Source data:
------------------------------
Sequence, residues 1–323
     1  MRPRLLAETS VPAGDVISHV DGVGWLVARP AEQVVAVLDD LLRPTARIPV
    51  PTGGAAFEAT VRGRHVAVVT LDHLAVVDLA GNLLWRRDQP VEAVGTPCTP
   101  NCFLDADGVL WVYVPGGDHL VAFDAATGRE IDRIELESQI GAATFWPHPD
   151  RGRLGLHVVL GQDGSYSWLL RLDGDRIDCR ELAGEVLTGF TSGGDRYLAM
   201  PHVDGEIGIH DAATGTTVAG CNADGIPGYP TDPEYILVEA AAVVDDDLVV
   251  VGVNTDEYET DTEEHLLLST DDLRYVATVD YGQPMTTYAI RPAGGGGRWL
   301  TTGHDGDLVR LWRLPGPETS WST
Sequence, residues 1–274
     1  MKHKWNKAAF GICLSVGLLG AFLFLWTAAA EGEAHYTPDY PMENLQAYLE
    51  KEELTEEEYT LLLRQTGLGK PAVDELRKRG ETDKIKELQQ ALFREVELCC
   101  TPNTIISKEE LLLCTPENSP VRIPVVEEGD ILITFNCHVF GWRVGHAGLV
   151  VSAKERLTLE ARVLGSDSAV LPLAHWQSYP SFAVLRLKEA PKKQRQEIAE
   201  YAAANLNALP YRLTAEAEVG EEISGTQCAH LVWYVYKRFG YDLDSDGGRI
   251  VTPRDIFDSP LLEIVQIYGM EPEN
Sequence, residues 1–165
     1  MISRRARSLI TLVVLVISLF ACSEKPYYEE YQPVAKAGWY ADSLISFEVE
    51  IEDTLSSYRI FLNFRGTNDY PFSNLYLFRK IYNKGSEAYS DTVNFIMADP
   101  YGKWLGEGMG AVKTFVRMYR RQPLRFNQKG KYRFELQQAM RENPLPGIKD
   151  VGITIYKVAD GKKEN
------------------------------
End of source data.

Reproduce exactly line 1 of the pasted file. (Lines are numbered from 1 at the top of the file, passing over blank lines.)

Sequence, residues 1–323